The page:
Something fowl in the air

I like being hissed at and physically threatened as much as the next guy, but I think I might start carrying a riot shield to work anyway.

It would have been handy to have one last week, when I walked across the parking lot to say hello to a co-worker. The lone goose standing between us eyed me with a little too much interest, so I gave it a nice wide berth as I walked around. Not content with the deference I’d conferred, the goose lowered its head, opened its surprisingly large, pink and scary mouth, hissed and charged at me.

At work, most people try to at least maintain some semblance of decorum, but it’s really difficult to flee from an attacking animal with any degree of dignity. The goose just missed nipping my heels as I high-stepped around it.

“Nice dodge,” my colleague said, laughing, after I’d gotten a safe distance away from my new fine feathered enemy.

Worst-case scenario

We stood outside chatting for a moment as the goose patrolled the parking lot, issuing the occasional warning honk. After a minute, a man carrying a duffel bag strolled towards the building, a solid forty feet from the goose, which would have seemed like plenty of buffer zone to any reasonable creature, but the goose just used that space as extra runway.

For a blissful moment, the man remained ignorant of the downy missile headed his way. Once he noticed the honking harbinger of hurt whizzing across the parking lot, the man started to run, then realized he had no chance of outrunning his predator, which was now flying in a beam pointed right at his chest.

At the moment just before impact, the man lifted his duffel bag, which the goose rammed at full speed. Its momentum gone, the goose flopped to the ground and remained disoriented just long enough for its prey to escape indoors.

If there’s one thing I learned from that encounter, it’s that when it comes to protecting yourself from flying attackers, what’s good for the goose is an overstuffed duffle bag.

This attack followed a disturbing pattern of recent avian mischief. Last week, a wren flew into our house when I opened the door to take the dog for a stroll. The longtime reader(s) of this column might remember that this exact same scenario played out about a year ago, when the bird living in the wreath on our front door decided to invade our home. We eventually captured that bird in a Honey Nut Cheerios box and released into the yard with an irresistible touch of golden honey.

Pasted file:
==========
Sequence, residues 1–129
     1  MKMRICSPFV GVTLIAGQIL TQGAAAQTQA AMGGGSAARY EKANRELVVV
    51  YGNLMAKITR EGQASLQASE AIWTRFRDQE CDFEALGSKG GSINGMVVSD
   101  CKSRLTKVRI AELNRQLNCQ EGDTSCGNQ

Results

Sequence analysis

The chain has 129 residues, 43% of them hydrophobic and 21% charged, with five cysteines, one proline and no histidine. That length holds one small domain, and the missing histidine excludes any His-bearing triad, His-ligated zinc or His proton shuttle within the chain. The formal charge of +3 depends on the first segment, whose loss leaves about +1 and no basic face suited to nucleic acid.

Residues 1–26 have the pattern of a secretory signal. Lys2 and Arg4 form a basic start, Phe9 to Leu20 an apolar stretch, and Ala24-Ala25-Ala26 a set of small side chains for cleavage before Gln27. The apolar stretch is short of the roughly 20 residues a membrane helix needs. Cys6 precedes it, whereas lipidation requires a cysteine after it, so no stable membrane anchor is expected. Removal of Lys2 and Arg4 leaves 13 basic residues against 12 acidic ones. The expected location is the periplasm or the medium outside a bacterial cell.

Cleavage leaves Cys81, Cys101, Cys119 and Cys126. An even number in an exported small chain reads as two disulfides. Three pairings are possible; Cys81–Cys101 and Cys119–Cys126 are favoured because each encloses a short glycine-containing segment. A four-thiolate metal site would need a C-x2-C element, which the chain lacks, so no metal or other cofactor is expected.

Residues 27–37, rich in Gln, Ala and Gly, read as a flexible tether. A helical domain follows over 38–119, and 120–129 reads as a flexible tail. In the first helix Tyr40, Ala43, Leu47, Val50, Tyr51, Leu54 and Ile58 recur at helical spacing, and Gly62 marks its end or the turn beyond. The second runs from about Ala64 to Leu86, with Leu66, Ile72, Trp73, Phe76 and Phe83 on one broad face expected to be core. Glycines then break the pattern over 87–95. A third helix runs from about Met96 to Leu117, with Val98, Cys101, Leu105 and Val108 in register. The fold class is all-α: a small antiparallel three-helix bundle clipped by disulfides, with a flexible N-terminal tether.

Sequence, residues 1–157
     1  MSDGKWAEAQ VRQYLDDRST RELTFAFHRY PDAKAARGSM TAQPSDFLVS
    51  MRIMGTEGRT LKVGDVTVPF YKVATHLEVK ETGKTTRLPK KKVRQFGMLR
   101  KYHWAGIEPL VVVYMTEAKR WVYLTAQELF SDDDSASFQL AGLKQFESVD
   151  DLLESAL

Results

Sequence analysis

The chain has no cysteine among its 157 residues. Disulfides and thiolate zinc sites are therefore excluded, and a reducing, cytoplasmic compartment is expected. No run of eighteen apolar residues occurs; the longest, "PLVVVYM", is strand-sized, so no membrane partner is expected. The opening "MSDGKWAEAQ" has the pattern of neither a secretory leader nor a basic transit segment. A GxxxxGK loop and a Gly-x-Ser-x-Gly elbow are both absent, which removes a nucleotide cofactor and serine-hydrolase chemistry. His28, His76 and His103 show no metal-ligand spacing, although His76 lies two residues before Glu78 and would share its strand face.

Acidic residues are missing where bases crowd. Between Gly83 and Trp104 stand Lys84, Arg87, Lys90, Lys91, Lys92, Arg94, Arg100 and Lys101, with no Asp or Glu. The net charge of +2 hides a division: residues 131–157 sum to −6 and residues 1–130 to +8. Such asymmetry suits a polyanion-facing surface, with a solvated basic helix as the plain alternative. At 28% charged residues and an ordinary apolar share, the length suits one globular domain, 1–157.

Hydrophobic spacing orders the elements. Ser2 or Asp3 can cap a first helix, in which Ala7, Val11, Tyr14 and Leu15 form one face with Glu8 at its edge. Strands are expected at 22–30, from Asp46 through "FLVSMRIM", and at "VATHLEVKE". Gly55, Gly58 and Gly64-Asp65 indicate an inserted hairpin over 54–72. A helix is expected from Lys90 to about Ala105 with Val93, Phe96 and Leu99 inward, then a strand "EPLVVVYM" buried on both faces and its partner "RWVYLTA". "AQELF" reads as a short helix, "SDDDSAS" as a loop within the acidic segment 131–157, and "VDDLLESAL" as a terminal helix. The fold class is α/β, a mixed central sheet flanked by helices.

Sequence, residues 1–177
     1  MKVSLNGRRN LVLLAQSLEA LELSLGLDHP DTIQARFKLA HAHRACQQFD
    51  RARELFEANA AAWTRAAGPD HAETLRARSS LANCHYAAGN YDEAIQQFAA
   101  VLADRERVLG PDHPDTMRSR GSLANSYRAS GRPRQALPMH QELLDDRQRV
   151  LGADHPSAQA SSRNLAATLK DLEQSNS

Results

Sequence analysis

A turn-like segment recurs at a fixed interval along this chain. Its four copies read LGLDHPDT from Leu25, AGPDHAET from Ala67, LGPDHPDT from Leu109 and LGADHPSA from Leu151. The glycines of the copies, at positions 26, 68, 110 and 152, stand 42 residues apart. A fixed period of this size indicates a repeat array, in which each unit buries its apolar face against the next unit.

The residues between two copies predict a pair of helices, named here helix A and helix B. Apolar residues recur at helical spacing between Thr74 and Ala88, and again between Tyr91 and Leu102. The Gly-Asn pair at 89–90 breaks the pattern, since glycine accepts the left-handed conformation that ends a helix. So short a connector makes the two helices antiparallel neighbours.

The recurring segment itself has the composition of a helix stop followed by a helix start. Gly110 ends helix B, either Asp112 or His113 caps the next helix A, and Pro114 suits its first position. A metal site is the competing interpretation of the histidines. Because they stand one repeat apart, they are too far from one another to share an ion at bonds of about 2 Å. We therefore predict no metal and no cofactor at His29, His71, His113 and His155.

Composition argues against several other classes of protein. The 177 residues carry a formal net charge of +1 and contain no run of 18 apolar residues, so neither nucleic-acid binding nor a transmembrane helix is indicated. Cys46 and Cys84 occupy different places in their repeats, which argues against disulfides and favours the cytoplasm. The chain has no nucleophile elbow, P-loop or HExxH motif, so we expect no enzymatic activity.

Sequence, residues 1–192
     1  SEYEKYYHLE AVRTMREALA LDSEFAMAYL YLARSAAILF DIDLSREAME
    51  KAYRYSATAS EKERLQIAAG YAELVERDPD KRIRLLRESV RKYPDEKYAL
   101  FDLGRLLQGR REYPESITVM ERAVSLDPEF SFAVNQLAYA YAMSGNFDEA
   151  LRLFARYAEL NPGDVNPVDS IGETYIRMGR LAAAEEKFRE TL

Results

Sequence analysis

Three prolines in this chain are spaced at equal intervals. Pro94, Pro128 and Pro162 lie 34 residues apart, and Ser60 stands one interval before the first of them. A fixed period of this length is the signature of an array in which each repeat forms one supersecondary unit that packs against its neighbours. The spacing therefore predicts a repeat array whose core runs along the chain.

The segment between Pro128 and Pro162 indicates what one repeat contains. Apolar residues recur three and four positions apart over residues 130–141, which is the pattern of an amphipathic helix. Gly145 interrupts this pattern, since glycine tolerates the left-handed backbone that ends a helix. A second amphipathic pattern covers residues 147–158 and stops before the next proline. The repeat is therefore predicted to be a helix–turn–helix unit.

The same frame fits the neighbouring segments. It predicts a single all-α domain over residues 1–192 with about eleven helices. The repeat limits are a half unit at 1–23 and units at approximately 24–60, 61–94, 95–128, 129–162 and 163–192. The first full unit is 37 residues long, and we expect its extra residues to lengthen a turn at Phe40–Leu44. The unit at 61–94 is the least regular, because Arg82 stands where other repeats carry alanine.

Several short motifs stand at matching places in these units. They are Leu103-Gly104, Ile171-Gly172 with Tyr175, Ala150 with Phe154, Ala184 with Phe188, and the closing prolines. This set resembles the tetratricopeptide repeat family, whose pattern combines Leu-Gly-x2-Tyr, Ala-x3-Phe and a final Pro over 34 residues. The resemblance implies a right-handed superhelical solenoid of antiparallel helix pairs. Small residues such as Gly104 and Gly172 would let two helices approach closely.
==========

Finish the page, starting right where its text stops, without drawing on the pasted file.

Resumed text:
“Did you move the wreath after that?” a smart person would ask.

“Hey, Iron Man 2 is coming out!” I’d reply.

This time, the bird was not to be cajoled into any manner of breakfast food packaging, probably because it was the same bird from last year. As it fluttered about the house, my wife Kara and I whiffed through the air ineffectually with various cardboard boxes. We needed a net, pronto.

It might be a little grand to say that I sprung into action at that point, but as a new father, the opportunity to spring into non-vomit-related action happens so rarely that I have to take credit when I can. After a few minutes in the garage, I emerged back into the battle zone with a perfectly functional net, crafted from a trash bag, a wire coat hanger, electrical tape and an upside-down leaf rake. A few wild swings later, the bird was in the bag. And a medium-sized chunk had been taken out of the kitchen wall by the rake end of the rake, which is of course the only part of the story Kara cares to talk about anymore.

If you’re anything like me, birds invading our home and attacking innocent passersby will probably remind you of an old Alfred Hitchcock classic. Especially that goose. What a psycho.

You can hit Mike Todd with your duffel bag at mikectodd@gmail.com.

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